"He did hate Hollywood, but I think he used Hollywood to work out some things that he struggled with personally and struggled with as a citizen of our country."
The instigator of this project appears to be Bobby Cannavale, who stars as Castle. It's been on his to-do list for 16 years. "That's when I saw it at Williamstown," he said. "That's when I met Richard Kind, and we have been friends ever since.
"Joanne Woodward directed it, and I just couldn't move out of my seat when the show was over. It was very clever in that it was sort of a genre piece. I felt like I was watching a film noir—but these huge ideas sorta snuck into it, and these were ideas that really resonated with me. I was struck by the themes of the play. I had already been a fan of the fervent years and the idea of The Group Theatre—a time in this country before the war when that great president, FDR, rallied the troops and got people to come together and created all those great arts projects."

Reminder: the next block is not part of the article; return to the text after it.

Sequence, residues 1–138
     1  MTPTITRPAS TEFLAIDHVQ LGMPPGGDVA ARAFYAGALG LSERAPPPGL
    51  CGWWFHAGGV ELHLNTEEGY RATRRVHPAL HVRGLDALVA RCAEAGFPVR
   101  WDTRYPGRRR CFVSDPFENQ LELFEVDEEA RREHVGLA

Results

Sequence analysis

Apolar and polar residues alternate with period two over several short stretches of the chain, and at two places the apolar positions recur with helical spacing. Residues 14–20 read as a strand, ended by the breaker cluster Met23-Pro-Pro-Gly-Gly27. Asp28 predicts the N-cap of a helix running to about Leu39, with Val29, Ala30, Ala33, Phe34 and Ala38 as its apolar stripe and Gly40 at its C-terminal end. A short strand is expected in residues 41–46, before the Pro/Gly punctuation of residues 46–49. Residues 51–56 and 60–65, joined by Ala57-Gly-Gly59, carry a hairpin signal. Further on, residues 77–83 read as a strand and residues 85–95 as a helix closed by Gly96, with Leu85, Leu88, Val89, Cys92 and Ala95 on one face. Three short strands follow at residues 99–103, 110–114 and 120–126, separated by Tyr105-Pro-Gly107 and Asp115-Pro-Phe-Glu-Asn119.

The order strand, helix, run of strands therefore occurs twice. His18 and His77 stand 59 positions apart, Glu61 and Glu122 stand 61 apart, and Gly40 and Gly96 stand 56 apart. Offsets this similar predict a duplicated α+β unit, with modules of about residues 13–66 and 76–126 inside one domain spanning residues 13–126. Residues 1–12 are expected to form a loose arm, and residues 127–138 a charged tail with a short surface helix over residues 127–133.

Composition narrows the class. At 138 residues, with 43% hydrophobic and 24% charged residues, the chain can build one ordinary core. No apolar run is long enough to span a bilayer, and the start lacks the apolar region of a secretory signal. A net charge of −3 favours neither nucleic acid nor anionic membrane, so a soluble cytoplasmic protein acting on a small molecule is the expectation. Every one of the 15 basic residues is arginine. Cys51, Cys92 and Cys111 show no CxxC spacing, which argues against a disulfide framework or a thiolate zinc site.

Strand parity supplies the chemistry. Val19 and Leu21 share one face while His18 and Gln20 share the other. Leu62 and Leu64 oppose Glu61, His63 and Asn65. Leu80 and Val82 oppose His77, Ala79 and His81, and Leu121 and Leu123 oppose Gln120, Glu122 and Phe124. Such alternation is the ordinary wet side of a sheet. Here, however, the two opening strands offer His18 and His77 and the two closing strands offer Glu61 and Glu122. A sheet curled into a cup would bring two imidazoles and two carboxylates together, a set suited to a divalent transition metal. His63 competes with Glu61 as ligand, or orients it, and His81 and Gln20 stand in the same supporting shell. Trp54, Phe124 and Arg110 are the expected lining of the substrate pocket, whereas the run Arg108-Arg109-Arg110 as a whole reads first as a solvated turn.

It helped, of course, that Charlie Castle was originated by an idol of Cannavale's. "Yeah, I'm a fan of Garfield's," he admitted. "I would have liked to have met him. He lived on the Upper West Side, in my neighborhood. He lived right down the block from me. He died too young. You know who lives in his building? Stephen Adly Guirgis lives in the building that John Garfield lived in. He lives right under him."
Guirgis wrote the play that got Cannavale a Tony nomination, The Motherf**ker With the Hat, so that fact strengthens his connection to John Garfield.
In the past 16 years, Cannavale would mention The Big Knife from time to time to various directors, and eventually he finally struck genuine interest. "About seven years ago, I did a play with Bobby—Mauritius by Theresa Rebeck—and we talked about doing it," Hughes recalled. "Now we're finally getting around to it. I've known the play about 20 years, but I never saw that production in Williamstown where Richard was supposed to be so great. I've always wanted to work with him, though. About a year ago he did a reading of it—I had cut the play down and did more work on it, with the approval of Walt Odets, Odets' son—and Richard read it superbly."
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